Commander, Joe Biden's dog, 'bit' Secret Service agents on 24 occasions

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Commander, the dog of President Joe Biden, walks on the South of the White House in Washington, DC, in August 2022. — CNN via Bloomberg
Commander, the dog of President Joe Biden, walks on the South of the White House in Washington, DC, in August 2022. — CNN via Bloomberg

New documents reveal that President Joe Biden's dog Commander has bitten United States Secret Service (USSS) agents on at least 24 occasions, causing chaos for the presidential bodyguards, CNN reported.

"The recent dog bites have challenged us to adjust our operational tactics when Commander is present — please give lots of room," one senior agent wrote to their team in a June 2023 email, warning that agents "must be creative to ensure our own personal safety."

The warning came months before the German Shephard was removed from the White House.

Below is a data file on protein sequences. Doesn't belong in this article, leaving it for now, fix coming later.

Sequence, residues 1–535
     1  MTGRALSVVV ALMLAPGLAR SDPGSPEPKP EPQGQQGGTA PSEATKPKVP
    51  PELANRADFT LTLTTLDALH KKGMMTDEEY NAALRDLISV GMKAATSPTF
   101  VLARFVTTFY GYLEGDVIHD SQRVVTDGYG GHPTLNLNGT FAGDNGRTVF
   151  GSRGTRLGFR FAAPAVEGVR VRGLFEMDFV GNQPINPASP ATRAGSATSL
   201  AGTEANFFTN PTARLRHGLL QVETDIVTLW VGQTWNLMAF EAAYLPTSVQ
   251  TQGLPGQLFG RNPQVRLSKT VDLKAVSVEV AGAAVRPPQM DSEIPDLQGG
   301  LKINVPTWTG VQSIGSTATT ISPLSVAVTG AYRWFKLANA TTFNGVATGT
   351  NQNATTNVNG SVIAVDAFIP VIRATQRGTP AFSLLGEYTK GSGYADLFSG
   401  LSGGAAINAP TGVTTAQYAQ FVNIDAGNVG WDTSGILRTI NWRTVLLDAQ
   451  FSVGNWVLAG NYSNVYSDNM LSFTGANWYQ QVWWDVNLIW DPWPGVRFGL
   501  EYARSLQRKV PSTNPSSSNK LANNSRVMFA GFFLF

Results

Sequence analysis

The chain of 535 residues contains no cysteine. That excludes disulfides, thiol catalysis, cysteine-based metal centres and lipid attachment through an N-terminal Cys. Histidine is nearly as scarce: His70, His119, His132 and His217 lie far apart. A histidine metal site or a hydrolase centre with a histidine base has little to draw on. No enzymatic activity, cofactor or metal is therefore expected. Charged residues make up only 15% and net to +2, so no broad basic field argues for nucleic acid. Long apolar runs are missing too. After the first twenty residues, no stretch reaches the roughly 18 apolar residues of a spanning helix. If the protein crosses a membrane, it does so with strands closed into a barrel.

The documents, obtained through Freedom of Information requests, reveal at least 24 biting incidents between October 2022 and July 2023.

These occasions involved USSS members being bitten on various parts of their body, including the wrist, forearm, elbow, waist, chest, thigh, and shoulder.

The documents do not necessarily record all biting incidents related to Commander.

They only cover the Secret Service and not others who work in the White House or staff at Camp David in Maryland.

The Biden family's pet left the White House in October last year, one week after a Secret Service agent required medical treatment for a severe bite.

A previous incident in June led to a "deep bite" on the forearm of an agent, who needed stitches. The incident prompted a 20-minute suspension of tours of the East Wing of the White House due to blood on the floor in an area, according to one document.

In July, another agent was bitten in the hand and required six stitches due to a "severe deep open wound". The agent lost significant blood.

Colleagues gifted a "small care package", including painkillers, antibiotic ointment, pepper spray, a muzzle, and dog biscuits, "for safety purposes".